Kirk Hammett Offers New Reason For Bass-less '...And Justice For All' Mix
By Andrew Magnotta @AndrewMagnotta
February 7, 2020
In the same conversation in which he revealed that he voted in favor of remixing Metallica's famously bass-less ...And Justice for All album, Kirk Hammett also offered a new reason as to why the band landed on such a unique sound for the album: Lars Ulrich was taking drum lessons.
Based on comments by ...And Justice for All engineers Toby Wright and Steve Thompson, we know that Ulrich was the driving force behind minimizing Jason Newsted's bass in the mix. Thompson recalls Ulrich arriving at mixing sessions with photographs of an EQ setup, as direction for how he wanted his drums to sound. That, of course, came at the expense of Newsted's bass.
Hammett tells Dean Delray's Let There Be Talk that Ulrich was inspired from taking lessons again, and that made him push the band into more unconventional rhythmic territory. It's no leap to imagine that the additional focus on drums spurred Ulrich's obsession with the sound of his kit on the record.
"We just wanted to be as weird as we could," Hammett said. "And at that particular point in time, a lot of what was popular then was music that really showed-off musicianship...Lars was taking drum lessons from Joe Satriani's drummer [Jeff Campitelli] and so he had just a whole new perspective and approach on his drums. So we wanted to implement that musicianship into the sound..."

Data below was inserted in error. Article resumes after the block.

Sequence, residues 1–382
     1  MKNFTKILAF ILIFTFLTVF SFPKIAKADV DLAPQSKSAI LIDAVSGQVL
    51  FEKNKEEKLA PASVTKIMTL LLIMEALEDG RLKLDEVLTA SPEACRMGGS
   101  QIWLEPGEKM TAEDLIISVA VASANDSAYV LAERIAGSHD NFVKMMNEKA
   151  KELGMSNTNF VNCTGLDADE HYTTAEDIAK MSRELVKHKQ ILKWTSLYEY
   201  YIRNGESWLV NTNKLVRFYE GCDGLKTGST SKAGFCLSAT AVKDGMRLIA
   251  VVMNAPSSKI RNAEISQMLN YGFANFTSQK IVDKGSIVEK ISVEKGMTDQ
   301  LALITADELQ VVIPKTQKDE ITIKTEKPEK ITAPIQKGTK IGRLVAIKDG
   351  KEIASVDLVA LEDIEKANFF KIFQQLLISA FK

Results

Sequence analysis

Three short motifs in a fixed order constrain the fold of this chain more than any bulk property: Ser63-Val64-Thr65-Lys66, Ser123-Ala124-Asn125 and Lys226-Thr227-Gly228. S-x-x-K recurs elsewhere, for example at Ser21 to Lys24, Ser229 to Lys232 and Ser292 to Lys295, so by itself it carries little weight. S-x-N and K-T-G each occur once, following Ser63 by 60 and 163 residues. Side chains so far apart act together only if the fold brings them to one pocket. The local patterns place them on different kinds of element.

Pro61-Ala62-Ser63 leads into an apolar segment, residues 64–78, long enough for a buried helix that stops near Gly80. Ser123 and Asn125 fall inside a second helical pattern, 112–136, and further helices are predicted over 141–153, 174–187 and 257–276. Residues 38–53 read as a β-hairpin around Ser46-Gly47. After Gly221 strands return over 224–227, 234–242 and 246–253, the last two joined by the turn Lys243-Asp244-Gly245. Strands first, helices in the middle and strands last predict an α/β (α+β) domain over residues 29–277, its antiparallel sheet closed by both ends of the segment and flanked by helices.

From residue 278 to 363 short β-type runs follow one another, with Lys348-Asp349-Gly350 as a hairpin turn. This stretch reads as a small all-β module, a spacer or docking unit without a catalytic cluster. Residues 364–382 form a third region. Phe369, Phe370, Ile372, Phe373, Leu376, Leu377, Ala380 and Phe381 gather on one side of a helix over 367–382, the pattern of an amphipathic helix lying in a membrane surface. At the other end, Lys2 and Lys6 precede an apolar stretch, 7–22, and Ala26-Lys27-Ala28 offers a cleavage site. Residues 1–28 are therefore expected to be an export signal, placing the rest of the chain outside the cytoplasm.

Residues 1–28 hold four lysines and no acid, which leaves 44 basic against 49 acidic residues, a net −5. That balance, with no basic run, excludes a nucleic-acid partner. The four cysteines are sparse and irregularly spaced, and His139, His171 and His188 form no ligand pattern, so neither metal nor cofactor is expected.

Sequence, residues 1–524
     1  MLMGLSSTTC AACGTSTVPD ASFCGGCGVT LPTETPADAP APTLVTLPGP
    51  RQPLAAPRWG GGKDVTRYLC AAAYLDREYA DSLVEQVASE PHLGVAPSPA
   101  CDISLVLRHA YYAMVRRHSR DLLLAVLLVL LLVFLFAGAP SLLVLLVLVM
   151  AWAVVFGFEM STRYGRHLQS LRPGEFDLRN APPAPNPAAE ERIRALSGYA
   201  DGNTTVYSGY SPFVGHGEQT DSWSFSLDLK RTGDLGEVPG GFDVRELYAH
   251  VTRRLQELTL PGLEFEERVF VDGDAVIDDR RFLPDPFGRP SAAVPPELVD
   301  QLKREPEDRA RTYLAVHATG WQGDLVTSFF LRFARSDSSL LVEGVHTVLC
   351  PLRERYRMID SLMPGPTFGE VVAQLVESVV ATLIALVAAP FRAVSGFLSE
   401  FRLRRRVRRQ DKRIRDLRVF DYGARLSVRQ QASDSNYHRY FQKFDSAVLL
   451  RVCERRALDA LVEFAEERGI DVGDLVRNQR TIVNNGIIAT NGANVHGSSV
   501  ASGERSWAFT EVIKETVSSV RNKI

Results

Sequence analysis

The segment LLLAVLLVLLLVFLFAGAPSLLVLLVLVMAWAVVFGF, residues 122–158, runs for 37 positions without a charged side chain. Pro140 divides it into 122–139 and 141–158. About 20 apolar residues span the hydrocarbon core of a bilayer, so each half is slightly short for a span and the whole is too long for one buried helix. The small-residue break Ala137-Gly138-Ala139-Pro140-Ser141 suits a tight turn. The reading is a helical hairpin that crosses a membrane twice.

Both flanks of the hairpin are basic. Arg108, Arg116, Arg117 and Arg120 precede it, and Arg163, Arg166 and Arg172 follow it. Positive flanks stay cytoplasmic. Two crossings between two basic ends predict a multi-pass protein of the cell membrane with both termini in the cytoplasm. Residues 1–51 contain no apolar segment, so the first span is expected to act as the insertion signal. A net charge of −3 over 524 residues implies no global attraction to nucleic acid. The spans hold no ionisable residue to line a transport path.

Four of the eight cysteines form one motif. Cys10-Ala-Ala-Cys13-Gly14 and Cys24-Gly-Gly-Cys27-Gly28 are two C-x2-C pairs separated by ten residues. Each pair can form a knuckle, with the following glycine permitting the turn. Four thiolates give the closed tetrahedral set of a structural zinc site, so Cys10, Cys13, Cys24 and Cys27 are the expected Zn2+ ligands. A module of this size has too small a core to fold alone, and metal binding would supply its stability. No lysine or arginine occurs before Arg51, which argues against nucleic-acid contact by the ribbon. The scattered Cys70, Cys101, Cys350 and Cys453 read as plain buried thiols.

The band's intent to bring thrash metal into more progressive territory was not new, but it reached its zenith on ...And Justice for All.
The complex song arrangements on the album remain a point of pride for Newsted himself, who doesn't waste any worry on the album's final mix — even though its not his favorite.
"It stands up over time," Newsted told Loudwire in 2013. "Maybe not the mix, but the songs do. The impact that it made, the mark that it made. The mathematical part of it, how far we went with the eight-minute song with 17 time signature [changes]. Who's idea was that?!"
Metallica remains uncertain about what it will do next, following a three-year tour in support of Hardwired...to Self-Destruct. Front man James Hetfield recently said that he's certain the band will begin planning something this year, but he can't be sure what the future holds.
Photo: Getty Images